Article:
HuffPo’s source Chase Foster, a Foreign Affairs officer at the State Department since 2012, was reportedly upset that the U.S. had failed to secure the Americans’ release as part of the nuclear deal according to the Huffington Post.  FAOs are civil service positions at the State Department that typically requires regional or functional expertise.  His LinkedIn profile says that he had an advanced degree in Professional Studies in Persian and speaks Persian. It does not say which bureau he works in.  But by the time he quit the State Department in frustration late last year, the negotiations for the prisoners release has been going on for about 13 months.

Foster was willing to risk his career by speaking on the record. That’s not something we often see these days. His heart was in the the right place, and we won’t blame him for it.  But he may have also forgotten what François de Callières said about secrecy as being “the very soul of diplomacy.”  

If mentorship works at State as it should have, somebody could have counseled him quietly that absence of apparent action does not mean lack of action.  The American team working the nuke negotiations was not even told about the second channel secret negotiations. We would not be surprise if the top honchos at the NEA bureau with decades of USG service were also out of the loop. And no one has even mentioned James O’Brien, the newly appointed Special Presidential Envoy for Hostage Affairs.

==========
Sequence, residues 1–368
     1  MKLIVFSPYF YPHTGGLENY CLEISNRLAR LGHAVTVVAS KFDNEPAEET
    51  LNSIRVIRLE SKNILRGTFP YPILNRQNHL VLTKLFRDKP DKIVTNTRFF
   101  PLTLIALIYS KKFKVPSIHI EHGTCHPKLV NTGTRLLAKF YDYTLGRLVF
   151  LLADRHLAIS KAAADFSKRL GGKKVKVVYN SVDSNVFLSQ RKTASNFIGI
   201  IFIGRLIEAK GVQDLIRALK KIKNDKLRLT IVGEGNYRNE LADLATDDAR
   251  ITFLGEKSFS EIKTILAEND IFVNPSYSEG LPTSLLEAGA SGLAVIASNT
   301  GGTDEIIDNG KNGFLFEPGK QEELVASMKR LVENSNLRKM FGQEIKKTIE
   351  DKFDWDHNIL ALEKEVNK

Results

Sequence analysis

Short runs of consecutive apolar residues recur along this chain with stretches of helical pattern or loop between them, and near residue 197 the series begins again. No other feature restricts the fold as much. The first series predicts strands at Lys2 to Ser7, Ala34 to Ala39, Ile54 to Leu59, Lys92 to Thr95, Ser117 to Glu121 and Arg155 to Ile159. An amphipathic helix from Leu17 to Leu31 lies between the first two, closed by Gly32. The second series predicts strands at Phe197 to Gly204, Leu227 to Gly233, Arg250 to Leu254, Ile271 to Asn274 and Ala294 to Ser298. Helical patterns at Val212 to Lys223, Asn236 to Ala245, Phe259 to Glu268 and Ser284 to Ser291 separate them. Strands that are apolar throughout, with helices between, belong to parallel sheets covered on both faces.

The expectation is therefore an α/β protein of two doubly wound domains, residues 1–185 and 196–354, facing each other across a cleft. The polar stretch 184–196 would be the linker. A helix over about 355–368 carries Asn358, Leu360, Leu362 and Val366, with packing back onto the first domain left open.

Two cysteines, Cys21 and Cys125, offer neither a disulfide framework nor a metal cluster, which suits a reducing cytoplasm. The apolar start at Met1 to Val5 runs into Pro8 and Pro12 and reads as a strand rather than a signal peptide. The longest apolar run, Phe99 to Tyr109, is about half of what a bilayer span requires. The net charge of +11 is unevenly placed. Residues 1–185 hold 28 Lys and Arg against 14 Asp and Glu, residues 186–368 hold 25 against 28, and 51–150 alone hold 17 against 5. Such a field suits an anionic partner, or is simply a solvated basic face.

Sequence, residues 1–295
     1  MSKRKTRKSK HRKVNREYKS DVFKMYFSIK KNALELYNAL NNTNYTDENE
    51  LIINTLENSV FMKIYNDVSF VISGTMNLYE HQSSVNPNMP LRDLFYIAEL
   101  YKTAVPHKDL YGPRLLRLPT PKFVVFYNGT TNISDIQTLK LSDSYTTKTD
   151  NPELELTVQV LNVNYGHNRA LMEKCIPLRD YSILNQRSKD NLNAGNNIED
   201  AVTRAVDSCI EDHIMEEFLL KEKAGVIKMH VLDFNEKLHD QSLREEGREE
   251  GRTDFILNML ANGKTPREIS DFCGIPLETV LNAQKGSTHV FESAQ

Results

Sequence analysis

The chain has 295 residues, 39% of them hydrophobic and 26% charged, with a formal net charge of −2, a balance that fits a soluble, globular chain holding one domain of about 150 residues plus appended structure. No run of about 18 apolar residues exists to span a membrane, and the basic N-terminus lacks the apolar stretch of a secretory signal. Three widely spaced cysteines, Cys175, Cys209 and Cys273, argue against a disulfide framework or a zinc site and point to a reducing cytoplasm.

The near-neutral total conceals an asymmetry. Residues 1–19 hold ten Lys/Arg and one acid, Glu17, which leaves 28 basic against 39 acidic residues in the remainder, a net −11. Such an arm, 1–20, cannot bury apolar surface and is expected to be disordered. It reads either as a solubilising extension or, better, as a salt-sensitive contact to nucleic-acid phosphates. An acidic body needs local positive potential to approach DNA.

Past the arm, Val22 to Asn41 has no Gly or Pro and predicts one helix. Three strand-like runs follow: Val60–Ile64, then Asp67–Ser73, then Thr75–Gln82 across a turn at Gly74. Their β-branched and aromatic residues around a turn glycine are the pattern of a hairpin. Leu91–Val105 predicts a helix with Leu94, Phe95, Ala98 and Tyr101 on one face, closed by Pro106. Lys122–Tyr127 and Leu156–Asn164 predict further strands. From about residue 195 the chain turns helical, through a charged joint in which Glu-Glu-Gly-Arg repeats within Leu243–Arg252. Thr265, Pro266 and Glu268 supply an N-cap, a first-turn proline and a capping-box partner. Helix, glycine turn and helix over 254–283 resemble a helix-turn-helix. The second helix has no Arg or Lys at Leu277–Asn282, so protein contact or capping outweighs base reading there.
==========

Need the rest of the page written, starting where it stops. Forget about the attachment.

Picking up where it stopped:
This could have easily gone the other way. We’re glad that it didn’t, that senior administration officials did not dish more garbage, that the journalists listened, and the negotiations worked out in the end.

 

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About Time For That Washington Ritual: Watch Out For Political Appointees “Burrowing In”